What. The. Fuck.
Or is it what the fucking fuck? Or maybe what the actual fuck?
Yes, I am talking about True Detective. More accurately, the second episode of the second season. To say this episode ended on a cliffhanger would be the understatement of the century (or at least of this month).
This show is all about suspense but this episode took that concept to another level, and wow. Just wow. Not sure what to say other than wow, but let me try…
With that being said, here is my recap and review of True Detective, seasn 2, episode 2.
And as always:
The episode begins with Frank Semyone awakening from a nightmare. Frank then tells his wife of an incident in his childhood, where his parents locked him in a basement for a few days with no food or water. Frank recalls that he was attacked by rats and forced to kill the rats with his bare hands. Frank also wonders if he maybe still actually in that basement, and everything thereafter is actually just a dream.
Ani, Paul and Ray come together to discuss the autopsy of Ben Caspere, the city official who was found murdered in the previous episode. We learn that Caspere’s eyes were burned off with hydrochloric acid, and that his genitals were shot off.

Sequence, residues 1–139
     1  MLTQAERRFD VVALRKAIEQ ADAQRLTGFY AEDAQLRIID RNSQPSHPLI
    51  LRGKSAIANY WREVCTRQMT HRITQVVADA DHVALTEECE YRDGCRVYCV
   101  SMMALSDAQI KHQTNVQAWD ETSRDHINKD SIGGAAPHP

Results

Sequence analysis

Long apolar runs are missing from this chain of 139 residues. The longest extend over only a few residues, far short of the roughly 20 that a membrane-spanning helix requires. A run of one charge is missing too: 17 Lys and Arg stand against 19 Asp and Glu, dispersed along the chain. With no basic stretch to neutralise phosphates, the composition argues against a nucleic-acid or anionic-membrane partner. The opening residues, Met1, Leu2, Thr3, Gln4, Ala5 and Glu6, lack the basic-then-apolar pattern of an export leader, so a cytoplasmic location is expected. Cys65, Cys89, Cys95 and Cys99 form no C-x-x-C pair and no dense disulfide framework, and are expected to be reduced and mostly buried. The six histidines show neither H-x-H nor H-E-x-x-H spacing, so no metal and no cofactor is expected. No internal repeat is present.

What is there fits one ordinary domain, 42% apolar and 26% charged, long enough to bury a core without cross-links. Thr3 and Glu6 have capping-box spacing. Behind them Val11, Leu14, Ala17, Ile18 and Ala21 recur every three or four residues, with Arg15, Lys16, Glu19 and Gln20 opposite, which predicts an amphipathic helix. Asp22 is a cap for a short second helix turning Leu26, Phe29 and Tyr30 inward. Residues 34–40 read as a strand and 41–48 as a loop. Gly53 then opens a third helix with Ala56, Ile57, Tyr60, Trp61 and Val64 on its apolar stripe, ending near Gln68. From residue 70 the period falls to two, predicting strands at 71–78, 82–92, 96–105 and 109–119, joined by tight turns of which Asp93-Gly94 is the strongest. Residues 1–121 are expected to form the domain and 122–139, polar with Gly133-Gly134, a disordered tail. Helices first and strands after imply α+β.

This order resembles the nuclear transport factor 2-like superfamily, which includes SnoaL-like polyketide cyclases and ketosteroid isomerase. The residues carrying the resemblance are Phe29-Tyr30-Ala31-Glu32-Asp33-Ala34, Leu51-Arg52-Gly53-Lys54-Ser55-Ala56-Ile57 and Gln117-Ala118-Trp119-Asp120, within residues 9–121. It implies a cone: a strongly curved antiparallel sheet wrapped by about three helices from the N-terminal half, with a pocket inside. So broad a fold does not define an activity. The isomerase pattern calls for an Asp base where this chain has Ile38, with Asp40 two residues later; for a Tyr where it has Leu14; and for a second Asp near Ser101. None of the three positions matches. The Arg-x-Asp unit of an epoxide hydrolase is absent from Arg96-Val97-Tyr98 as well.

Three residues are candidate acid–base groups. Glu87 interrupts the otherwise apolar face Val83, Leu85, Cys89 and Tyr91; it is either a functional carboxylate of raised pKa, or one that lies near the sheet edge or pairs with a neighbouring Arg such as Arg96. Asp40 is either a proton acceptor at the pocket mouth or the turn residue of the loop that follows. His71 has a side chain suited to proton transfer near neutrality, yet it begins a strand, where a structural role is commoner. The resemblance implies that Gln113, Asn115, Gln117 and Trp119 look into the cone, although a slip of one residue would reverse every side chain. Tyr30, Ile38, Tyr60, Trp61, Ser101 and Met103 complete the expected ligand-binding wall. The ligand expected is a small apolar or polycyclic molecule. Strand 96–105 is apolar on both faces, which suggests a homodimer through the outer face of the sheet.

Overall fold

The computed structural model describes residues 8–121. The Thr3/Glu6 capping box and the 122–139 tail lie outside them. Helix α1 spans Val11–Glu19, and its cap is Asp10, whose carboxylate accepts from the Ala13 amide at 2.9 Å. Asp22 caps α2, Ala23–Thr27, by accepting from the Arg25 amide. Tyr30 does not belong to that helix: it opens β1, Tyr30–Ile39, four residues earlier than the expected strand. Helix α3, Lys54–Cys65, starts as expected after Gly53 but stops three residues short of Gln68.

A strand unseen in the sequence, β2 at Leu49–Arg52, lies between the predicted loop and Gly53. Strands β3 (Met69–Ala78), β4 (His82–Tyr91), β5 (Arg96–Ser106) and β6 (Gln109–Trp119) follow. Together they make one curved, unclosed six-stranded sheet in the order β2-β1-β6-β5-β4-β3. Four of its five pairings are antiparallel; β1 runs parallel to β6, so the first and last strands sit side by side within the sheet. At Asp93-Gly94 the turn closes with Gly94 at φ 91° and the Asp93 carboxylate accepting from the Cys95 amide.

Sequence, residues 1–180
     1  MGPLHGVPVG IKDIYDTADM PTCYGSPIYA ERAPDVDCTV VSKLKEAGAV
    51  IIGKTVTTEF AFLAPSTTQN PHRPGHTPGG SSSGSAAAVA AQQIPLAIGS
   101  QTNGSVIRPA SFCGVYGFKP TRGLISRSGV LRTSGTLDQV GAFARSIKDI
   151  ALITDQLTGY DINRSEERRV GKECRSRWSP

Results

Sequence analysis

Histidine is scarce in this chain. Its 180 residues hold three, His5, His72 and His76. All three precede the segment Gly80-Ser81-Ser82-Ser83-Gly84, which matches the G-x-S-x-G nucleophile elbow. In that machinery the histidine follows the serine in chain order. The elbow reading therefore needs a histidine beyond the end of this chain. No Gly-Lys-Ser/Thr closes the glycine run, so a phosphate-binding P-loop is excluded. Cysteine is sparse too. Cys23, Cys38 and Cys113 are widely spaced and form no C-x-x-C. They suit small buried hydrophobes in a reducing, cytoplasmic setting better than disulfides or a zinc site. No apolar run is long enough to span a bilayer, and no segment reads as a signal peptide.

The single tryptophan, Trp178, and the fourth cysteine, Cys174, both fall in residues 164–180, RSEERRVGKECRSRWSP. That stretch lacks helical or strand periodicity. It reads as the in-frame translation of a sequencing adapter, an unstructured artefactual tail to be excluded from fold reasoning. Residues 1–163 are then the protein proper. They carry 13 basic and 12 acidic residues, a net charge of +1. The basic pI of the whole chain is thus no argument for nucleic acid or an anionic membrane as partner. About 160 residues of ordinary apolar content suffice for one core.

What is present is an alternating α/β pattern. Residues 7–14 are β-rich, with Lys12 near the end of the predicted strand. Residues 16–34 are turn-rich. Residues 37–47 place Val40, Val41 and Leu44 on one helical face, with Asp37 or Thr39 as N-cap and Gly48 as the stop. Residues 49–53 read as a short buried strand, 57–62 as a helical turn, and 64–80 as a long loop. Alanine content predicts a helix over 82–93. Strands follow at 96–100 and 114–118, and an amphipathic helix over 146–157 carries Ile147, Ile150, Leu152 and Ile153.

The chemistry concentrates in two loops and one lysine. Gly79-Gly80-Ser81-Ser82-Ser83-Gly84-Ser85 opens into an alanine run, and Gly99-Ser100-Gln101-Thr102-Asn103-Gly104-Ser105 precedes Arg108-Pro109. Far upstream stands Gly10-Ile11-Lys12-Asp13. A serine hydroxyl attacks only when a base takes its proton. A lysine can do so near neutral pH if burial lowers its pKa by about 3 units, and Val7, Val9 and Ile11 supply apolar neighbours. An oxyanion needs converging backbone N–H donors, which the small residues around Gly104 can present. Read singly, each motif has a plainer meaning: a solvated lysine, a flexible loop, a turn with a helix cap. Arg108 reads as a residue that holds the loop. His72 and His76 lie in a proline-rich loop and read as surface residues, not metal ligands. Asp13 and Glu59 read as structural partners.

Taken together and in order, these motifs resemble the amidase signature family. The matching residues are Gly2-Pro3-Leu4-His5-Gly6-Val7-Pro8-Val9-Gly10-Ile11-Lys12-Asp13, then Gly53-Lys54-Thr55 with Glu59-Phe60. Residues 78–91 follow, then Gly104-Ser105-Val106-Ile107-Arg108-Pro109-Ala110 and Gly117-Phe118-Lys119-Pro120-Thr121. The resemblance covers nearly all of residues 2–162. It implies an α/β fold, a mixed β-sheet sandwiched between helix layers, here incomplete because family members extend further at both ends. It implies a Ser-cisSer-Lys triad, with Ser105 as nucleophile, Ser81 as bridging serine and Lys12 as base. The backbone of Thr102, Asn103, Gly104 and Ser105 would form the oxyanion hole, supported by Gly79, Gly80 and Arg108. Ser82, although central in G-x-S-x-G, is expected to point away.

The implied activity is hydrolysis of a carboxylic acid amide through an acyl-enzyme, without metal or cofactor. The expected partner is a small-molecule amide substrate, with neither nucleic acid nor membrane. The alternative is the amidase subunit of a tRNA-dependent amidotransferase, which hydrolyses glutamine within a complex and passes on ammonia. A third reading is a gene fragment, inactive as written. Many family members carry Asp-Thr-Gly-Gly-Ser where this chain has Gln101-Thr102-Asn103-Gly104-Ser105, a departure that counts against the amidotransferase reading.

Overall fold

Ani and Frank begin to chase leads in Caspere’s murder. They review Caspere’s appointment book, and speak to his therapist. The therapist recognizes Ani by her last name, and states that he knew her father. Ani replies that she is the only person among the girls she grew up with in her father’s commune to have a normal life; two committed suicide and the other two are in jail.
We also learn that Caspere owed Frank several million dollars before his death, as Frank had given Caspere all of his liquid assets to invest in a land deal that never came to fruition. Frank begins to panic, and places pressure on Ray to solve the murder as quickly as possible, so that he can recover his money. Frank also poses as a witness, and has his people beat a man who owes him money.
Ray also begins to come unhinged. He meets his ex-wife at his son’s school, and is refused visitation of his son by his ex-wife. Ray’s ex states that she no longer wants their son to spend time with his father, and threatens Ray with supervised visitation. Ray nearly breaks down in tears, and tells his ex that he will burn the city down for his son, if that is what needs to be done. Ray’s ex also threatens him with a paternity test, implying that her son may not actually be Ray’s son.